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Thursday, June 18, 2009

Poll Numbers Show A Drop In Support For Obama's Agenda

While on a personal level Barack Obama's approval ratings and popularity have only dropped a few points, when specific issues are brought up, the downward turn should concern him.

Two polls find this to be true, the New York Times/CBS News poll and the NBC News/Wall Street Journal poll.

Reuters, linked above:

President Barack Obama faces growing concerns among voters over government spending, the auto industry bailout and other economic policies, according to two opinion polls released on Wednesday.

Obama, who took office in January, remains popular with Americans, although his overall job approval rating slipped to 56 percent, down 5 points from April, according to an NBC News/Wall Street Journal poll.

But 58 percent of respondents said Obama and Congress should focus on keeping the budget deficit down, even if takes longer for the economy to recover. The Congressional Budget Office estimates the federal deficit could top $1.8 trillion this fiscal year -- by far a record.

Nearly 70 percent said they had concerns about federal intervention in the economy, including Obama's decision to take an ownership stake in General Motors and the prospect of more government involvement in healthcare. Obama has made healthcare reform a top priority of his administration.

WSJ reports on some of the specific issue questions.

Auto Industry:

Nearly seven in 10 survey respondents said they had concerns about federal interventions into the economy, including Mr. Obama's decision to take an ownership stake in General Motors Corp., limits on executive compensation and the prospect of more government involvement in health care. The negative feeling toward the GM rescue was reflected elsewhere in the survey as well.

A solid majority -- 58% -- said that the president and Congress should focus on keeping the budget deficit down, even if takes longer for the economy to recover.

has good news and bad news mixed in:

On health care, the public remains open to persuasion. Without being told anything specific about the Obama plan in the survey, about a third of people said it's a good idea, about a third said it's a bad idea and the rest had no opinion. When given several details of his approach, 55% said they favored it, versus 35% who were opposed.

There was also support for the Democratic push to let people sign up for a public health-care plan that would compete with private companies, one of the toughest issues in the health-care debate. Three in four people said a public plan is extremely or quite important. But when told the arguments for and against the plan, a smaller portion, 47%, agreed with arguments in support of the plan, with 42% agreeing with the arguments against it.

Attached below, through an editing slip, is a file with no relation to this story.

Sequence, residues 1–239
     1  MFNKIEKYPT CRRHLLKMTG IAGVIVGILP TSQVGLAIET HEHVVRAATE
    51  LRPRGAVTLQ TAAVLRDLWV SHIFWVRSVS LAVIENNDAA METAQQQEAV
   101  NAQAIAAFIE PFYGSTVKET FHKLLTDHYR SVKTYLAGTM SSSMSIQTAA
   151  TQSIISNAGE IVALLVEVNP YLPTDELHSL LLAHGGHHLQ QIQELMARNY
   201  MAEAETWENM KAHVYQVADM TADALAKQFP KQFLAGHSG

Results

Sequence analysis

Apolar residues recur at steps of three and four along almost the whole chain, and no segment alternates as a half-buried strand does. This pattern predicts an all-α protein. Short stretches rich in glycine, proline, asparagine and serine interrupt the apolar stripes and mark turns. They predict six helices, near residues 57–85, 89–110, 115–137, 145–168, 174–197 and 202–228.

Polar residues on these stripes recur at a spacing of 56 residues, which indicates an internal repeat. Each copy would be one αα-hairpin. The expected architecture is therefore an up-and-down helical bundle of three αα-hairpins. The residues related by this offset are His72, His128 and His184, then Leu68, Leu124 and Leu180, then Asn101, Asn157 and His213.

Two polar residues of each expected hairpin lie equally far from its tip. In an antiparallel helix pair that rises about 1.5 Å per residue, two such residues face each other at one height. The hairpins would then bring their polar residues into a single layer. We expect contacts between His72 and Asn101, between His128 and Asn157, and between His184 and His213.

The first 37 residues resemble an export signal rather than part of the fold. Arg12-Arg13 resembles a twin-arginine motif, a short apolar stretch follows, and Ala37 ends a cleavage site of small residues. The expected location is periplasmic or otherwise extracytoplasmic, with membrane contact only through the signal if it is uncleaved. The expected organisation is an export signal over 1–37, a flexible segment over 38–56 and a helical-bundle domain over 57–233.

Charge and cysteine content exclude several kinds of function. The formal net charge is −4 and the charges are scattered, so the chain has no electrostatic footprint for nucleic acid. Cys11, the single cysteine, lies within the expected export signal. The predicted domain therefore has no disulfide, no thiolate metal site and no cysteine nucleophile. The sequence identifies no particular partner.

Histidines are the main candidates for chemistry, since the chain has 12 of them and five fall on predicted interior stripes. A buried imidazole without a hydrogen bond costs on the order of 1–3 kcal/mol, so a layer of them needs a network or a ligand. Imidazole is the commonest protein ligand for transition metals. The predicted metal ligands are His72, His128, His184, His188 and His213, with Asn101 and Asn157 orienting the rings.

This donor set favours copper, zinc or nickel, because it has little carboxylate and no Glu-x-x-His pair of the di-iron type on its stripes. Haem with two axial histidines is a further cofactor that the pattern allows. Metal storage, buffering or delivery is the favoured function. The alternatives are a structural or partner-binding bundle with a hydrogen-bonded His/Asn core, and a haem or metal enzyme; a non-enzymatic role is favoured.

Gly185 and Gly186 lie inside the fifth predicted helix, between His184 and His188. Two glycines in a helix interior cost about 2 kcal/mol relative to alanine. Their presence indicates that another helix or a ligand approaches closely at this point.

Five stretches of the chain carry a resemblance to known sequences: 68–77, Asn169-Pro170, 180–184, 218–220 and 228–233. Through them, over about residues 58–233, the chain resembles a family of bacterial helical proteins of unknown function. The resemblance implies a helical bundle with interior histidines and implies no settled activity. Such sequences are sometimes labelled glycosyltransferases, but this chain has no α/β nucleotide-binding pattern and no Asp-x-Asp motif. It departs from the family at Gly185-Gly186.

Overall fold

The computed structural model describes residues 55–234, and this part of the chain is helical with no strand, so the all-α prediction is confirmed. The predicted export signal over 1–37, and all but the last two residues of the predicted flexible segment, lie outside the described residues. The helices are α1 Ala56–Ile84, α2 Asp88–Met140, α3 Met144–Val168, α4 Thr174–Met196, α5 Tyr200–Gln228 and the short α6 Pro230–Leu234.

At the same time, nearly half the participants said it was very or somewhat likely that their employer would drop private coverage if a public plan were available.

The New York Times/CBS News poll addresses Guantanamo Bay:

Beyond these issues, which Mr. Obama has sought to avoid becoming entangled in, he faces a divided public as he works to carry out his executive order to close the prison for terrorism suspects at Guantánamo Bay. The poll found that 8 in 10 expressed worry that detainees released to other countries might be involved in future attacks here.

Half of the poll respondents said closing the prison would have no effect on protecting the nation from terror threats, but 3 in 10 said they thought it would make the United States less safe. Many of the detainees being held at the prison have not been charged, and nearly 7 in 10 people surveyed said they would support charging them or releasing them back to the country of their capture. Just 24 percent said the detainees should continue to be held without charge for as long as the government deems necessary.

One last thing about that NYT link, noticed and mentioned by The American Thinker.

It is not unusual for a newspaper to change a headline on a story from edition to edition. This is true especially if the story has been updated or changed to reflect additional information.

But this New York Times story on the poll they took regarding Obama's handling of the economy is remarkable for the change in headlines from just a few hours ago to now.

When I saw the story this morning on Memeorandum, the headline of a story about a New York Times poll read:

"In Poll, Obama seen as ineffective on the economy."

What does the headline read now?

"Obama poll sees doubt on budget and health care"

While popularity is one thing, Obama is failing to win public support for his massive spending plans and his agenda and is instead losing support on specific issues.

Peter D. Hart, a Democratic pollster who conducted the NBC News/Wall Street Journal poll/survey with Republican Bill McInturff, put it exactly right when he said "The public is really moving from evaluating him as a charismatic and charming leader to his specific handling of the challenges facing the country."

Now that Americans are evaluating Obama on his policies rather than his personality, they are finding him wanting.